- Collared shirts, business casual shirts or T-shirts with gym logo. (No spaghetti straps, low-cut tops or midriff revealing shirts).
- No hats or visors
- The use of cell phones (talking, texting, etc.) or any type of wireless communication device is prohibited while on the field of play (competition area). Coaches are permitted to record their OWN gymnasts’ exercise for personal use but should not in any way interfere with the competition.
- Set an example for the athletes by displaying a positive attitude and exemplary conduct.
A competition can be a stressful situation for all involved; following a rotation sheet with scratches, moving mats, running young athletes to the rest room, dealing with athletes who are nervous, and dealing with other coaches who may be stressed due to all the same reasons.
As a professional it is your job as a coach to remain calm, collected, and level headed when at a meet in order to set a professional example for your gymnasts and parents. Getting into a battle of words with other coaches or judges, not assisting fellow coaches with moving mats, or commenting on the scores of other athletes is not demonstrating good sportsmanship to your athletes.
It is not only the coaches job to teach gymnastics, it is also a coaches job to teach athletes how to be a team player, a humble winner or loser, and a respectful competitor.
USA Gymnastics and each club have a standard for what their athletes should wear and look like. This “uniform” represents your club and sets a standard of what is acceptable attire. Just the same, USA Gymnastics outlines what is expected for coaches to wear while on the competition floor. These clothing expectations are general guidelines that still allows coaches to wear a “uniform” that represents their club, just like their athletes.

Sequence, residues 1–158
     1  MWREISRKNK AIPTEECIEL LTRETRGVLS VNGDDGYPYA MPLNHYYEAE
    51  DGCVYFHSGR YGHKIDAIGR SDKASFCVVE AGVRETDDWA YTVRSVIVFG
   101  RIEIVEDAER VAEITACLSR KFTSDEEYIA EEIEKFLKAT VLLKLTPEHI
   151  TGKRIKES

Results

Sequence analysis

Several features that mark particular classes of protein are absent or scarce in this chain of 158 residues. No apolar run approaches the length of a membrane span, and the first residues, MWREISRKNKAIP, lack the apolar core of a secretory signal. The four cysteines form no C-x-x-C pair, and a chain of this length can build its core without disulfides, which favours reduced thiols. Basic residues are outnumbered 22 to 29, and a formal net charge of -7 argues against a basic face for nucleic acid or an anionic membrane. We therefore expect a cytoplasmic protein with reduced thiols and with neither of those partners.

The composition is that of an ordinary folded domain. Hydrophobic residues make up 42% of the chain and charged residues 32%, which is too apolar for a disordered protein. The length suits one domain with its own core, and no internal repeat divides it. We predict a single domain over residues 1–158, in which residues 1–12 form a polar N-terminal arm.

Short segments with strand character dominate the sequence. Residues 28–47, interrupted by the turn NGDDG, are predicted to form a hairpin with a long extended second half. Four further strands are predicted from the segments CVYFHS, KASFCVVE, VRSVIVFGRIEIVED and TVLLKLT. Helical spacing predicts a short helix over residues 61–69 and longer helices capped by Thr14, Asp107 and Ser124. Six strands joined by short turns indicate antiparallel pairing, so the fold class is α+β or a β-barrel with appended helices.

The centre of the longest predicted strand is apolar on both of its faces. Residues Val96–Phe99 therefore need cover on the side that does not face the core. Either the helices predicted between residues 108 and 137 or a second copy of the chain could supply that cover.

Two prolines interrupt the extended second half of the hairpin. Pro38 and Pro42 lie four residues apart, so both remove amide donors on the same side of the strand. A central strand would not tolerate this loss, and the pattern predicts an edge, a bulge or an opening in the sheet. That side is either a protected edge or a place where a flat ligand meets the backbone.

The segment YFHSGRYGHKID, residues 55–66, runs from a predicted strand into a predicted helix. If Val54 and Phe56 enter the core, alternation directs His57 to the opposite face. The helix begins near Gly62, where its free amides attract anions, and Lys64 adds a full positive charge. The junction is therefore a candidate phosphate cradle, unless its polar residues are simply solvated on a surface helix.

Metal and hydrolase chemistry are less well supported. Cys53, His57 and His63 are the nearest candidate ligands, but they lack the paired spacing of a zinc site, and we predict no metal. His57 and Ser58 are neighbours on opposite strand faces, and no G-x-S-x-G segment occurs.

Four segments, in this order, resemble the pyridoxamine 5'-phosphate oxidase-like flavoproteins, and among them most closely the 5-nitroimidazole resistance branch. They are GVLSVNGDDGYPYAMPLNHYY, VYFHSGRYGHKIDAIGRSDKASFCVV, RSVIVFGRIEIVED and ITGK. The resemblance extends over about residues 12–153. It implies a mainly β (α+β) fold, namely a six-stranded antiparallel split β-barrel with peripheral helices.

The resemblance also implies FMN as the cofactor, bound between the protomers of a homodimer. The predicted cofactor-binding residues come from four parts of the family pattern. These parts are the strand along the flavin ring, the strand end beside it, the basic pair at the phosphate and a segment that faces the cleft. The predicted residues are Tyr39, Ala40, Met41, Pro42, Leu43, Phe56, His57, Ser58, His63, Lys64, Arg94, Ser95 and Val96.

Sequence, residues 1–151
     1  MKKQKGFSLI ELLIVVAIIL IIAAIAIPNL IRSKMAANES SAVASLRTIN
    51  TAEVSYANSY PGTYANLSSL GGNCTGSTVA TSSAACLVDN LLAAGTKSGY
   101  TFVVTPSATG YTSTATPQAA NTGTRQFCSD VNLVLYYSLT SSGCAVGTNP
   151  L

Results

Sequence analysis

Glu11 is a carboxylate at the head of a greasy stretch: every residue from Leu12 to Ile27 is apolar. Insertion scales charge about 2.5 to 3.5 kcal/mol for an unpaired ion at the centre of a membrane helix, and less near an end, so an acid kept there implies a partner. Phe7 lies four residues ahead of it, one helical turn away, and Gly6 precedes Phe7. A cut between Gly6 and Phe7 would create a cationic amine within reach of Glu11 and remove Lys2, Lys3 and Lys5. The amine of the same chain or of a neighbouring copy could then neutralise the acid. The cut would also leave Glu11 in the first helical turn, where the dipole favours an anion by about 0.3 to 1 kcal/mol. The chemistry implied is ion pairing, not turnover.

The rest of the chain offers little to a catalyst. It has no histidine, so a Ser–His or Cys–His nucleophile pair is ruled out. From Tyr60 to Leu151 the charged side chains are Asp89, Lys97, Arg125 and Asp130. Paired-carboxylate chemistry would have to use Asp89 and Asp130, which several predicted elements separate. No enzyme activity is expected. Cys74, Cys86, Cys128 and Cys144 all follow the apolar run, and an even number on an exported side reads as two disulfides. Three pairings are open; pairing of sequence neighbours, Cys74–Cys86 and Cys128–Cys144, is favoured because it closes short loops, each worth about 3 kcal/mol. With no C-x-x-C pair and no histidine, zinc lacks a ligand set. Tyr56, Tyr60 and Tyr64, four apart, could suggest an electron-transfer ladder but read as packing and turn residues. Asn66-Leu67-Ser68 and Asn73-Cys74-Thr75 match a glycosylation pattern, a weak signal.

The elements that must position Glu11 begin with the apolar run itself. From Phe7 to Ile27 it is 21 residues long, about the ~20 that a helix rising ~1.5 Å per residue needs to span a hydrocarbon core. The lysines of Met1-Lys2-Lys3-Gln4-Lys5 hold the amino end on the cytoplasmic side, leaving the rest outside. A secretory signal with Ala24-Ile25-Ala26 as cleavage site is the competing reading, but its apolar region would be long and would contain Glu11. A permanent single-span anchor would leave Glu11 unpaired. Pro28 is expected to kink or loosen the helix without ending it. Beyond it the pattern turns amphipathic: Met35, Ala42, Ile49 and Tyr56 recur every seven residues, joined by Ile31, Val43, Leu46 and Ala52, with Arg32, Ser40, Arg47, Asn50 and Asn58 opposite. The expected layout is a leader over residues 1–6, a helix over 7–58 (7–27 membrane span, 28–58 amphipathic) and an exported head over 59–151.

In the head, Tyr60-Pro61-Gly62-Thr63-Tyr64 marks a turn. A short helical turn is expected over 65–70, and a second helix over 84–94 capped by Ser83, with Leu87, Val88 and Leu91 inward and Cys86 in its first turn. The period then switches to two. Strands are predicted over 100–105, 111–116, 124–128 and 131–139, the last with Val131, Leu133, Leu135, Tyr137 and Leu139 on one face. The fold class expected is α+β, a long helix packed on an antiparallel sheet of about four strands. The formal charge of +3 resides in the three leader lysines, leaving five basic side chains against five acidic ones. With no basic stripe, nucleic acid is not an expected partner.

As experienced gym owners or coaches, it may fall on your shoulders to remind younger, less experienced coaches of what should or should not be worn at a competition.
In Florida, Toni Rand, FL State Administrative Committee Chair, sends out many emails prior to the start of the season and prior to each state meet reminding coaching about professional attire. In addition, at Florida state meets the floating Meet Referee walks around monitoring professionalism and coaches attire and gives “friendly” reminders as necessary.
Recently at a state meet, the Meet Referee had to ask a coach to put shoes on and had to suggest to a few female coaches that a tank top with thin straps and exposed sports bra, may not be the best attire for a gymnastics meet based on USA Gymnastics guidelines.
Brad Harris, Region 8 JO Chairman, states, “Professionalism by the USA Gymnastics coaching community while at competitions is paramount in setting an example for the young people we work with. If as adults we act in a positive manner, we have a much better chance of our young athletes following our lead and enjoying their athletic experience.”
If you have an expectation of your athletes to look and act professional while out on the competition floor, why would you not set an example and look and act professional too. Your athletes look to you for guidance, why would you not guide them in the right direction?
USA Gymnastics, 2015-2016 Women’s Program Rules and Policies